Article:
My viewpoint came from my experiences of giving to charities in the UK, where I often donate books and DVD etc to charity shops as I just cannot be bothered to sell them online and besides some of the smaller charities do some good work and I am very supportive of local charities who do good community work, I also buy many books and redonate them once I have finished.

There are online services online which can allow you to donate items and they will take the proceeds and pass them on to the charity/thrift organisation you would want the items to go to.

As stated above there are other ways in which you can ensure your funds go to another party, this could be through arranging with the individual or group recieving the funds that you will pledge the value of the item if it is sold.

There are things which can be looked at to see how and if it can work, at least it is something to think about.

Considerations:

  • Whether or not an agreement can be made to accept donations in this manner.
  • The items donated for sale may not sell.
  • To get the funds will require much effort as going to a charity/thrift shop as you will need to post and package the item to the sellar.
  • Unknown value of the item until sold.
  • Difficult to get a standard price of all items as most venutres will be for business, rather than charitable.

The Benefit:

  • More donations as many people will have items to sell.
  • Very Accessible to those with little funds but many items
  • Pledges do not have to be made until the item is sold and the value from that item gained.
  • More access to others who might have a passing interest rather than a full interest.
  • Takes dedication and interest in the campaign and the projects of the person/group asking for the donation.
  • This could be a way of asking businesses and organisations if they have any old stock which they can donate to sell for the cause/project you have.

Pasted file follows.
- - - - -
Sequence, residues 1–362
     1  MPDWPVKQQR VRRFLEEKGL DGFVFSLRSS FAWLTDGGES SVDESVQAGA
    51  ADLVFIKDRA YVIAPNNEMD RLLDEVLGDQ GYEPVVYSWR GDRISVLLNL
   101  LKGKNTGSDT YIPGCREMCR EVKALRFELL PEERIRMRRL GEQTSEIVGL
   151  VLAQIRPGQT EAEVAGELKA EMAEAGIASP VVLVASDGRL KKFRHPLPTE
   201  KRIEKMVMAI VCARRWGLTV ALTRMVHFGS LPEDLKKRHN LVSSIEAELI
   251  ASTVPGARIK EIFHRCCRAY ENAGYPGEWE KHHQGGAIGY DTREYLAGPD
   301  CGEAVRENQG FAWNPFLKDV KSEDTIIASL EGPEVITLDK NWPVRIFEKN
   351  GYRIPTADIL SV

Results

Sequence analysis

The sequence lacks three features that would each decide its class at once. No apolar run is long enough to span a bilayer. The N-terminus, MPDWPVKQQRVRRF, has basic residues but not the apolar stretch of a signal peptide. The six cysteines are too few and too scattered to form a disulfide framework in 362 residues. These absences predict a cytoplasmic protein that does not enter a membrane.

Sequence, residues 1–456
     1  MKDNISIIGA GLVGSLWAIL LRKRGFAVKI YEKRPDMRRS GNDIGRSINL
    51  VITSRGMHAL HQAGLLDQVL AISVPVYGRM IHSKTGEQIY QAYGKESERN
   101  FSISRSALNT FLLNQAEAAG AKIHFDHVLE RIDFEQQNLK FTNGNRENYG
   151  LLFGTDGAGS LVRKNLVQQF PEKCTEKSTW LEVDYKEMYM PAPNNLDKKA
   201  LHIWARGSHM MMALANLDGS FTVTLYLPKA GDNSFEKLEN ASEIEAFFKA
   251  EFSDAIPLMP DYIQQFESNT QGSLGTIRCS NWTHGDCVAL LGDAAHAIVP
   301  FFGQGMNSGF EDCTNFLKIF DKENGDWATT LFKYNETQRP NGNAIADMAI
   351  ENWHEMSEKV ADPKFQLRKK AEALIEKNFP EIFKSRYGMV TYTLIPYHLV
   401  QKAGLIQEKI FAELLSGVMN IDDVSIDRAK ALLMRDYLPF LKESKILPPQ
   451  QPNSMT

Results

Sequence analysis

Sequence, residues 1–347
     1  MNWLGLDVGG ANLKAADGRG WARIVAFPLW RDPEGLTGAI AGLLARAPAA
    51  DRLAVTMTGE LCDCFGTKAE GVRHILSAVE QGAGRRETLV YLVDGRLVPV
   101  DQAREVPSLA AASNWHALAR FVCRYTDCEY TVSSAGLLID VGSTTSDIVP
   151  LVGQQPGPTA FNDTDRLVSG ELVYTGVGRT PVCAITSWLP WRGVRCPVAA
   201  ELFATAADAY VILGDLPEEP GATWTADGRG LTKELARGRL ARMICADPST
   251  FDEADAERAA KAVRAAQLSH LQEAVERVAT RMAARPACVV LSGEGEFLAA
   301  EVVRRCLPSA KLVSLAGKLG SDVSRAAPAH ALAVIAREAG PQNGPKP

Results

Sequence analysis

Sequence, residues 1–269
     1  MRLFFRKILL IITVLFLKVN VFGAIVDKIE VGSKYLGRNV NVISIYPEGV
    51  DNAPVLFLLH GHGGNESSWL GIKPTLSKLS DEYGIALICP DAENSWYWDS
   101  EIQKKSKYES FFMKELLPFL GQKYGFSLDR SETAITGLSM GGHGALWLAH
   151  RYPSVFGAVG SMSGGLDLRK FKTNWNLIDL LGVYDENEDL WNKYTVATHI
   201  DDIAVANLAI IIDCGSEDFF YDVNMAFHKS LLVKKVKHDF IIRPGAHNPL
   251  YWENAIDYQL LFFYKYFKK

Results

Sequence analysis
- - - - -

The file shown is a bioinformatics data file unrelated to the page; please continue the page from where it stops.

Further information:

Selling for Charity (Ebay)

Audio And Visual Plugging

Remembering back to the late 80’s and the early 90’s when
I would listen to pirate radio stations which would play
reggae and black music. These were ways in which black
people could play their music on the UK as the costs to
get a radio mast would be huge and for a Licence to play
songs this would be large too.

The radio stations still exist (on Analogue radio and as
internet radio stations) today in towns and cities across
the UK with a Afrocaibbean population. This is because we
originally created them to play our songs and music,
which would not be played on mainstream radio. Despite
them being illegal, many reggae artists do shout outs to
these radio stations, as they are channels which can be used to
bring more awareness of their music and songs.

The thing which these radio stations did which many of
the black people who talk about enlighted matters dont do
is promote local black owned businesses. As a kid when
recording these stations annoyance would set in as the
adverts would play but as a more enlightened adult I like
and understand the need for these adverts.

This links into the point of view that the enlightened
persons who provide information for black people should
have adverts on their audio and video posts for
businesses which are local or regional to them and some
of their following.

This will be useful to those with a large following and
the advertising would be for businesses which are
relevant to the demographic of the audience. On pirate
radio local black businesses advertise and you begin to
find out which businesses exist in that town or city and
also what events are going on locally and regionally.

As well as being able to provide opinions and information
you may also provide information on local businesses on
your videos and radio shows. The finer details in terms
of economic details for both parties are to be discussed
between yourselves.